Why did this one leave an indelible bruise? The start sat in contrast to the fourth quarter when Denver dissolved into tears.

The first 30 minutes teased of one the league's biggest upsets this season.

Broncos let down their hair and went to the air, scoring 10 points on their first three drives. That's rather remarkable considering they average 16 points per game. They used heavy personnel to loosen up Minnesota's interior with bursts from Lindsay and Freeman for 31 yards on those possessions. It created openings down the field with an effective aerial strategy: throw to Sutton, use the tight ends and have Allen focus on one side of the field. Allen connected with Fant for a 31-yarder to set up a 47-yard field goal by Brandon McManus, marking the fifth time the Broncos have scored on an opening drive this season.

On Denver's third drive, Allen recognized a simple truth: throwing to your best receiver brings benefits. Allen connected with Sutton on a 48-yard pass down the left side. The beauty? Sutton was covered and Allen gave him a chance to make play. Moments later, Sutton beat Xavier Rhodes in man coverage, drawing a 24-yard penalty. After Allen chunked a changeup at the feet of a wide open Fant in the end zone, he redeemed himself. He drilled a scoring pass to Troy Fumagalli, who emerged from witness protection for the fist career touchdown.

With the Broncos angry over their underdog status – it was a 10.5-point line – it triggered an avalanche of excellence. With a secure lead, the Broncos marched 69 yards on 10 plays, capped by Andy Janovich's 1-yard mudflapping plunge into the end zone.

Rather than put hands at their waist, the Broncos kept swinging, embracing the role of the ugly guy in the fight. Shelby Harris spearhead a breathtaking defensive effort. He recorded two first-half sacks and finished with three. He caused a fumble with his first one that Alexander Johnson recovered.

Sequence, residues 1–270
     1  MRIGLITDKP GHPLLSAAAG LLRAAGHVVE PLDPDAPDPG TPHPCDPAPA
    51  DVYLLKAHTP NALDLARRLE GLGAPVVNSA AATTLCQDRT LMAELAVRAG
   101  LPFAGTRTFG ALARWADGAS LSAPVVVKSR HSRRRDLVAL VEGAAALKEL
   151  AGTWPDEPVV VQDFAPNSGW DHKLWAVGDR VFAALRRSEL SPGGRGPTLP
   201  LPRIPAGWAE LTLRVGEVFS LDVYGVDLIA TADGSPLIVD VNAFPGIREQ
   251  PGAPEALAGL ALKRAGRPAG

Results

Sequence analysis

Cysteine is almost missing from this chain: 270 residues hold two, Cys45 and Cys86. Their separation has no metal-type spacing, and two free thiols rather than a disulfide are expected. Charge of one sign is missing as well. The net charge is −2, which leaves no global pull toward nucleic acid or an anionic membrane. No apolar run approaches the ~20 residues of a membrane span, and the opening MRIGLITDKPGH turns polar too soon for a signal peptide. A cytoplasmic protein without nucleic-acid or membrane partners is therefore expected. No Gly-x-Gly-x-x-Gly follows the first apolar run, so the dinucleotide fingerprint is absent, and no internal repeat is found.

"I want to win," Harris said. "My stats don't matter."

McManus drilled a 29-yard field goal, swelling the advantage to 20-0, Denver's largest first half shutout lead since 2013. It what was hard to believe, but Denver left points on the board. The Broncos recovered the ensuing kickoff, but Allen's inexperience showed. His eyes shifted late to the middle of the field, and he threw an easy interception to Sendejo on a ball headed for Fant in the end zone.

"We were on the same page, it was probably a bad throw by me," said Allen of a mistake that grew in significance in the second half. "I tried to force it, and made a bad play."

It failed to take the shine off the Broncos' best 30 minutes under Fangio. The stats: Denver outgained the Vikings 217-47, produced 12 first downs to four, and limited the Vikings to 47 total yards. Sutton not only caught a 48-yard pass, but completed a 38-yarder to Tim Patrick on reserve pitch from Lindsay out of the wildcat formation.